open menu

GDPR guide

What you need to know

What is GDPR?

General Data Protection Regulation (GDPR) comes into force on 25 May 2018. If your organisation collects or stores personal data from those in the EU, such as email addresses, names, contact details and addresses, you’ll need to comply with GDPR.

GDPR is designed to:

  • Protect the rights of your customer or website user
  • Offer transparency by explaining how and why your business uses personal data
  • Ensure your business adopts a more refined process for data handling
  • Bring staff up to speed on the new regulations
  • Ensure data is recorded and managed in a compliant manner going forward

Financial penalties can be imposed for breaches, so it’s important that your communication strategy and website complies with the regulations.

But data protection is more than a compliance issue. Customers care about their privacy and expect businesses to respect it. It makes good business sense to demonstrate that you’re being compliant and have this in hand. What’s more, the opportunity to cleanse your database means you’ll be communicating with people who are genuinely interested in being contacted, thus creating a quality database of customers or users.

So what do you need to do?

We’ve reviewed a number of resources to help us understand the changes that will have the biggest impact on our clients. While the regulations are complex there’s no need to feel overwhelmed by the changes.

  1. Review
    Take stock of what information you have already, why you have it, where it is stored and what processes you have in place for data protection.
  2. Streamline
    Do you need all of the information you store? Could you hold it in one safe place? This will make it easier to record and manage information in the future.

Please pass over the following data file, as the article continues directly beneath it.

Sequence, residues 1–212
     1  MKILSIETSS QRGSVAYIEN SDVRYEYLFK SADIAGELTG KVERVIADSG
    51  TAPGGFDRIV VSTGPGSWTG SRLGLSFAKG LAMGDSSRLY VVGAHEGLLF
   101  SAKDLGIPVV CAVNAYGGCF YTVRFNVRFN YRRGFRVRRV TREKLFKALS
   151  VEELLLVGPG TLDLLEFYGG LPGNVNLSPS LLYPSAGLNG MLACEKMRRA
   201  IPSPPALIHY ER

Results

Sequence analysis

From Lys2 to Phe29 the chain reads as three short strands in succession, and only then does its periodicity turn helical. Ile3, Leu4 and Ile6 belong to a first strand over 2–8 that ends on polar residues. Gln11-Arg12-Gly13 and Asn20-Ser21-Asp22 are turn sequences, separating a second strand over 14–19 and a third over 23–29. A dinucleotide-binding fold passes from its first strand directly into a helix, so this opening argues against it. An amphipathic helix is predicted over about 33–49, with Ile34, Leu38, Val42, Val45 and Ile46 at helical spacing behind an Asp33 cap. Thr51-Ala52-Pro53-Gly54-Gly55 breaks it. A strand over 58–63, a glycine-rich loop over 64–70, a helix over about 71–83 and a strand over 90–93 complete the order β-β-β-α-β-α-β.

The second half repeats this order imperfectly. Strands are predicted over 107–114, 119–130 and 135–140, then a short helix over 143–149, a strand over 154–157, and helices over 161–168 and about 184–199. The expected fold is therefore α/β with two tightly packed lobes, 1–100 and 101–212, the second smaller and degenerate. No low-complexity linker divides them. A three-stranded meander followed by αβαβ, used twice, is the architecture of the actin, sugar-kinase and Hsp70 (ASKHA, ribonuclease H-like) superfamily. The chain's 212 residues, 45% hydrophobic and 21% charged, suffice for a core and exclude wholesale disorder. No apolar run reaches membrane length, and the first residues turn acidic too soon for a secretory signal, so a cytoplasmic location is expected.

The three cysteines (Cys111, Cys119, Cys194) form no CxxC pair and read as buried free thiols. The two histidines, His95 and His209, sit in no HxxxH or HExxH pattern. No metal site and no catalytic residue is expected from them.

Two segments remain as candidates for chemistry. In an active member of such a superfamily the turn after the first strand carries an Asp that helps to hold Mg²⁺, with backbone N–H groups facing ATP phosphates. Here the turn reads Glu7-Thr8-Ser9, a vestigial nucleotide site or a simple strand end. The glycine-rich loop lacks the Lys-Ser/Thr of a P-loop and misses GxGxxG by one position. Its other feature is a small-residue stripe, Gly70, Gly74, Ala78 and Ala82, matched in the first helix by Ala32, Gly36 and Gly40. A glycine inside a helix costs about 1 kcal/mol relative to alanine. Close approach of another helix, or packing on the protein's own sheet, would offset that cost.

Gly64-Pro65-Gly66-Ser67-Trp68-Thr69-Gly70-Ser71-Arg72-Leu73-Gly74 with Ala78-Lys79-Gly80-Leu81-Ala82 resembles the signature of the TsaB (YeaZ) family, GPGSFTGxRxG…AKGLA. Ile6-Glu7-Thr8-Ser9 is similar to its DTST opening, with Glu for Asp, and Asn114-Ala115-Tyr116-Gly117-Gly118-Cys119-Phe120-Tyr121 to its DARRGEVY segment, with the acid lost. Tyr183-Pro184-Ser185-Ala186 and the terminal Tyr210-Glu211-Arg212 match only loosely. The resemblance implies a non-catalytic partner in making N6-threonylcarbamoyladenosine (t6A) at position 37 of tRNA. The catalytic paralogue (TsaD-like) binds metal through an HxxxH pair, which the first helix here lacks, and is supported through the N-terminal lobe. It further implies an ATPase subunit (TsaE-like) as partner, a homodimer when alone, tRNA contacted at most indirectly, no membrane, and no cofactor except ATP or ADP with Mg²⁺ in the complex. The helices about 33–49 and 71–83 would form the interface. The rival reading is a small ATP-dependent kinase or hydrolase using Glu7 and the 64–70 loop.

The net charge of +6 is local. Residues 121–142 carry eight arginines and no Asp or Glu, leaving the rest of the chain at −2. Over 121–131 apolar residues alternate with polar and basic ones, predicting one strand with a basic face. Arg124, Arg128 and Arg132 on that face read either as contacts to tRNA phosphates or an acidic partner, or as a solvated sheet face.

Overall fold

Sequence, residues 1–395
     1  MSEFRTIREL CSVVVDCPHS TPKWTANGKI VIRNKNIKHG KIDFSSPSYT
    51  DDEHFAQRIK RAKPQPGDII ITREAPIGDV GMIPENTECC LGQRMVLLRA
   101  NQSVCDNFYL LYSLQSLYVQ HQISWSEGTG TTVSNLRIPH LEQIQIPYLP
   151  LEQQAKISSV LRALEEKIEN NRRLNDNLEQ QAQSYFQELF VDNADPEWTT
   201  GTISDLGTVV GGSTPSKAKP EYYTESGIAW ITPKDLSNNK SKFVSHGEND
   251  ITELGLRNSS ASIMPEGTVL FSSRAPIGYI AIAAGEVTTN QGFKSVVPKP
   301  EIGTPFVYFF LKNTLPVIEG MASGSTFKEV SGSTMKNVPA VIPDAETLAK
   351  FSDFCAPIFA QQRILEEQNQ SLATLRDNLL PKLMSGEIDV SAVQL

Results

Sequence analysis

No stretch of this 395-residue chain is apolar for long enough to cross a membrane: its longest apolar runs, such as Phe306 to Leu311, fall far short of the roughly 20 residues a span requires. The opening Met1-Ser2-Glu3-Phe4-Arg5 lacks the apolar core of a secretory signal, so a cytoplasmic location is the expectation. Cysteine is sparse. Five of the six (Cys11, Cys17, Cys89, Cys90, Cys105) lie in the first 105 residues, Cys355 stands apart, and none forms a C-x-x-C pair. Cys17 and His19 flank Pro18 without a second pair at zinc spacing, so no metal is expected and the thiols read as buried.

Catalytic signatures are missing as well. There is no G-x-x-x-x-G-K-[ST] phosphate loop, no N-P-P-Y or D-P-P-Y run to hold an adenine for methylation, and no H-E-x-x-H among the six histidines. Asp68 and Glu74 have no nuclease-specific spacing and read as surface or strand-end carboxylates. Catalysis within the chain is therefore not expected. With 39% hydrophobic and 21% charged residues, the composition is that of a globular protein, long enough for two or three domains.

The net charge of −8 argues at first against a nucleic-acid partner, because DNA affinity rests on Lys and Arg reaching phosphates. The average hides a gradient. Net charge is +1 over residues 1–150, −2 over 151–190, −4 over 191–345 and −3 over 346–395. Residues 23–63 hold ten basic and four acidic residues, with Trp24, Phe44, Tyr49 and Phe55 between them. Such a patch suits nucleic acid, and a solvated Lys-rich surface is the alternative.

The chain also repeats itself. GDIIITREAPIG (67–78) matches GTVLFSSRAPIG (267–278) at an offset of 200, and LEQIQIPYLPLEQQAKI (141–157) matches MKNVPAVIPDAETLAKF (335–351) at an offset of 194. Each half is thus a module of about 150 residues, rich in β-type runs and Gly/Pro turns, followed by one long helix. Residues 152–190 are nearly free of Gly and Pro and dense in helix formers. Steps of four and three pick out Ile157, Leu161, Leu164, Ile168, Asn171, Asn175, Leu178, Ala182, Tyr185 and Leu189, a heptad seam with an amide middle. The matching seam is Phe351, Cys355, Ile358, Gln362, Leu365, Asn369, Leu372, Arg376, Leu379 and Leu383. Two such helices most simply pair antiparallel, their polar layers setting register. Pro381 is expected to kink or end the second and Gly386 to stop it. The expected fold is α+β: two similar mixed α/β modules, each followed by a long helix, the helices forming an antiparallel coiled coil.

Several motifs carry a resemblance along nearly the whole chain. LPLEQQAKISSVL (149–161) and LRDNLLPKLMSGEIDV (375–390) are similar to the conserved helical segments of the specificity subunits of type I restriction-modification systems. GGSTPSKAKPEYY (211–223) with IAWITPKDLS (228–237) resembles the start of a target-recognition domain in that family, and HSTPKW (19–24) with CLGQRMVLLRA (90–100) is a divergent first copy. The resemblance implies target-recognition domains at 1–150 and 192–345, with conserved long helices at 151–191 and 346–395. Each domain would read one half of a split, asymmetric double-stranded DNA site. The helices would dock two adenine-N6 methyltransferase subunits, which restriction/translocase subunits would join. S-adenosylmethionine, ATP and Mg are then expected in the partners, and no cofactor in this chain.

3. Protect
    Encrypt personal data and if sharing a document or database with sensitive information you must send the password using a different method such as text or share it in person. You must also ensure your website and the way you store form or user data is secure.
  4. Update
    Review and amend your website to make sure there is a positive opt-in for any email communication. Also, ensure that your privacy policy is updated to reflect any changes.
  5. Communicate
    Prior to 25 May 2018, contact your customers and/or users (if you don’t have consent) to let them know why you have their data, why you collect it and what you do with it. Some but not all organisations will be required to ask recipients to opt-in to receive future emails (and text messages if applicable).

This process will take a little time, however, it will simplify your approach to data handling in future and ensure your website is fully compliant with GDPR.

Next steps

You may be in a position to address these tasks without support. If however, you would prefer assistance, we are offering two GDPR packages to existing clients.

Simple GDPR package

  • Complete database audit
  • Create a plan for recording and managing consent in future
  • Review and update website form
  • Send simple email campaign (only if required under guidelines)

Advanced GDPR package

  • Complete multiple database audits
  • Create a plan for recording and managing consent in future
  • Review and update multiple website forms and privacy policy
  • Send simple, branded email campaign (only if required under guidelines)

For further information please email Sarah or call the studio on 0131 344 4638.